Mostly the phrase appears in the heading as part of the front page and the opener as a kind of memo or short note. Depending on the context, though, it may also introduce a longer message to the readers. Quite frequently, these are published at the end or at the beginning of a year as a means of looking backward or forward. These examples clearly express the intention of fostering the bond between the readership and the paper itself. Collectively reflecting on the past or the upcoming time aims at constructing a relationship and binding the readers to the title. It is also the case that the newsroom appeals to the reader to support the common cause and to be loyal, especially in difficult and challenging times. Apart from being used in the heading, there are also very often in-text mentions of “an unsere Leser”. They mainly serve similar purposes and refer to other occasions of interactions.

On this basis, the next step was the manual creation of a corpus, selecting a sample from the period between 1850 to 1950. The focus was on larger and popular newspapers such as the Reichspost (catholic, conservative stance), Arbeiter-Zeitung (official newspaper of the Social Democratic Party), Illustrierte Kronen Zeitung (an example for a “Volksblatt”, popular press), Neue Freie Presse (liberal) and others. Using this corpus the case study will analyse in a blog post how the interaction between the newsroom and the readership is expressed with the phrase “an unsere Leser” and how media and journalism developed over time.

How can NewsEye make a difference for corpus-building, analysis and interpretation?

The NewsEye project aims at providing new tools for working with digital archives. The demonstrator with the innovative interface allows to create one’s own workspaces in order to create individual data corpora and better manage search results. Various results can easily be added to a dataset, i.e. an individual collection of articles or pages. It undoubtedly facilitates the entire process of corpus-building. For analysis and interpretation, the NewsEye demonstrator offers automatic descriptions with evaluations of the corpus. Moreover, topic modelling for the entire collection is implemented and allows for a visualization of the topic distribution for a certain dataset. Thereby it greatly improves the methodological approach to historical discourse analysis. In particular, important topics on the meta-level of media and journalism and on the interaction between newspapers and the readership will be accessible more easily.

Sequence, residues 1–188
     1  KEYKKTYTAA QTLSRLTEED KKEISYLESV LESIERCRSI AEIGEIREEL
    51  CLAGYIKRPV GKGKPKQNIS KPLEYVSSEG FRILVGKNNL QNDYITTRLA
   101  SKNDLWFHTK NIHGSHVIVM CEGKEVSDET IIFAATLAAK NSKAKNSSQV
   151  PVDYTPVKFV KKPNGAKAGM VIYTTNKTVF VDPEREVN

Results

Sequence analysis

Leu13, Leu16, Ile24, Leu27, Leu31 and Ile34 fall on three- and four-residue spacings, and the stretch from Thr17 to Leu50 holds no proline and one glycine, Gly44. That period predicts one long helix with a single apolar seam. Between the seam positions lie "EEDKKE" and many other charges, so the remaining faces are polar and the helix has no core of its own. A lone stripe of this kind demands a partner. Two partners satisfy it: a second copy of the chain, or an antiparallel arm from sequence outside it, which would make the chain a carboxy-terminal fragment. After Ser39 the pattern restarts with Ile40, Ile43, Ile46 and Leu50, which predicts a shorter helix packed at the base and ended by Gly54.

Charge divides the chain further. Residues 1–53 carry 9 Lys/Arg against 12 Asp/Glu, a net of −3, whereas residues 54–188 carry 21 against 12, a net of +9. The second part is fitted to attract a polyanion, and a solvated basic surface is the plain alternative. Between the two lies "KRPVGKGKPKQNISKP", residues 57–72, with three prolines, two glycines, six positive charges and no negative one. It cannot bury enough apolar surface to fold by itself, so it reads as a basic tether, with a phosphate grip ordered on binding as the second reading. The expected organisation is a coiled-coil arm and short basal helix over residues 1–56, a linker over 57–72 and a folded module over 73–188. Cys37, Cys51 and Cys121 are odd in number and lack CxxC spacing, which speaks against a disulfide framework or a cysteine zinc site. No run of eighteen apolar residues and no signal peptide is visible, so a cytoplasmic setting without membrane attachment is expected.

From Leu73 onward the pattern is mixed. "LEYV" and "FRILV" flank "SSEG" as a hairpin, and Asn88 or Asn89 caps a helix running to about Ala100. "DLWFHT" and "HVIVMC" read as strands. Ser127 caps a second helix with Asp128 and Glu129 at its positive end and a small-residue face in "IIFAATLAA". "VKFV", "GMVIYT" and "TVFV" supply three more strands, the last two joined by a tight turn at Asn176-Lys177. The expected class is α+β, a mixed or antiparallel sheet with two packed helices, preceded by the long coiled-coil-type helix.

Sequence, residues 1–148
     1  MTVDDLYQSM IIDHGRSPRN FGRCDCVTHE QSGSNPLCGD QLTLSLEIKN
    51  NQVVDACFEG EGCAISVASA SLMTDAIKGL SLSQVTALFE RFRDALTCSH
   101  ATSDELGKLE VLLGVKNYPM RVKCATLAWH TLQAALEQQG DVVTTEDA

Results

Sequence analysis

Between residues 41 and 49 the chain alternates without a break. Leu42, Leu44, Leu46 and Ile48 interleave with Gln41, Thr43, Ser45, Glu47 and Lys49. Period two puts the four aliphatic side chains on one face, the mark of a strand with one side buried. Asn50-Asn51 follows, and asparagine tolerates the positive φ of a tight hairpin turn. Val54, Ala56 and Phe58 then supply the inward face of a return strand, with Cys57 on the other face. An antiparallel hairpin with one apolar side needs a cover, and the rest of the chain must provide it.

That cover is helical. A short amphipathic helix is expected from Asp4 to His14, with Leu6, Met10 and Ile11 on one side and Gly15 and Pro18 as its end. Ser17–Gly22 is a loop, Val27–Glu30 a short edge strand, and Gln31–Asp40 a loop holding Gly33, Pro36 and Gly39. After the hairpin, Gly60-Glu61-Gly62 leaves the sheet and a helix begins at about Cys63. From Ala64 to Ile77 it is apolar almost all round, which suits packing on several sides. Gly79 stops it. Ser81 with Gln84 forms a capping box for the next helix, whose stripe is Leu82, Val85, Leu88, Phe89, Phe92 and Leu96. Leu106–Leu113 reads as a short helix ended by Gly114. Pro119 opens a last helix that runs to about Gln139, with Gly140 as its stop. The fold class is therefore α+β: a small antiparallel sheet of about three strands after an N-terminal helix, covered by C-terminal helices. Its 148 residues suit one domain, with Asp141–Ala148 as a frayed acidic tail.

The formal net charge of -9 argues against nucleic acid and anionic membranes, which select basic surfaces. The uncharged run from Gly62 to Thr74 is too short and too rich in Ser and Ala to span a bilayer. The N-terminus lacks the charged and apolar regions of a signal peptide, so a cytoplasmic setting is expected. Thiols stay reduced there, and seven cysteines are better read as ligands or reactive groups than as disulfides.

Examples from the ANNO platform (Figures 3-6)


Bösch, Frank (2005): Die Zeitungsredaktion, in: Alexa Geisthövel/Habbo Knoch (eds.), Orte der Moderne. Erfahrungswelten des 19. und 20. Jahrhunderts, Frankfurt-New York, p. 71–80.

Bösch, Frank (2019): Mediengeschichte. Vom asiatischen Buchdruck zum Computer, Frankfurt-New York (2nd edition).

Melischek, Gabriele/Seethaler, Josef (2016): Die Tagespresse der franzisko-josephinischen Ära, in: Matthias Karmasin/Christian Oggolder (eds.), Österreichische Mediengeschichte. Band 1: Von den frühen Drucken zur Ausdifferenzierung des Mediensystems (1500 bis 1918), Wiesbaden, p. 167–192.

Olechowski, Thomas (2006): Das Preßrecht in der Habsburgermonarchie, in: Helmut Rumpler/Peter Urbanitsch (eds.), Die Habsburgermonarchie 1848–1918, Band VIII. Politische Öffentlichkeit und Zivilgesellschaft. Teilband 2: Die Presse als Faktor der politischen Mobilisierung, Wien, p. 1493–1533.

Requate, Jörg (ed.) (2009): Das 19. Jahrhundert als Mediengesellschaft, München.

Telesko, Werner (2010): Das 19. Jahrhundert. Eine Epoche und ihre Medien, Wien-Köln-Weimar.